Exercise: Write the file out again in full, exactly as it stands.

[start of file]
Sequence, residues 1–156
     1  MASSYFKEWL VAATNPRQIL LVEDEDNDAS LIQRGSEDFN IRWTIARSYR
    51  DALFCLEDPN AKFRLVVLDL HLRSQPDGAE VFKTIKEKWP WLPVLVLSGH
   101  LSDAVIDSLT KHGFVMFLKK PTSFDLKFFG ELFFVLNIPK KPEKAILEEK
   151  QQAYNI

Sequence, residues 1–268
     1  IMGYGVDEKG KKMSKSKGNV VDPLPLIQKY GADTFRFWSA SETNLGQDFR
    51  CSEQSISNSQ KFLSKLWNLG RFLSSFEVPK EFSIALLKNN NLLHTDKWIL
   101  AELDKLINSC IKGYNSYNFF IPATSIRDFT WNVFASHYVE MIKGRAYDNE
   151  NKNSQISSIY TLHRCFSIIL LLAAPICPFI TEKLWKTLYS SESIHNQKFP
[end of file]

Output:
Sequence, residues 1–156
     1  MASSYFKEWL VAATNPRQIL LVEDEDNDAS LIQRGSEDFN IRWTIARSYR
    51  DALFCLEDPN AKFRLVVLDL HLRSQPDGAE VFKTIKEKWP WLPVLVLSGH
   101  LSDAVIDSLT KHGFVMFLKK PTSFDLKFFG ELFFVLNIPK KPEKAILEEK
   151  QQAYNI

Sequence, residues 1–268
     1  IMGYGVDEKG KKMSKSKGNV VDPLPLIQKY GADTFRFWSA SETNLGQDFR
    51  CSEQSISNSQ KFLSKLWNLG RFLSSFEVPK EFSIALLKNN NLLHTDKWIL
   101  AELDKLINSC IKGYNSYNFF IPATSIRDFT WNVFASHYVE MIKGRAYDNE
   151  NKNSQISSIY TLHRCFSIIL LLAAPICPFI TEKLWKTLYS SESIHNQKFP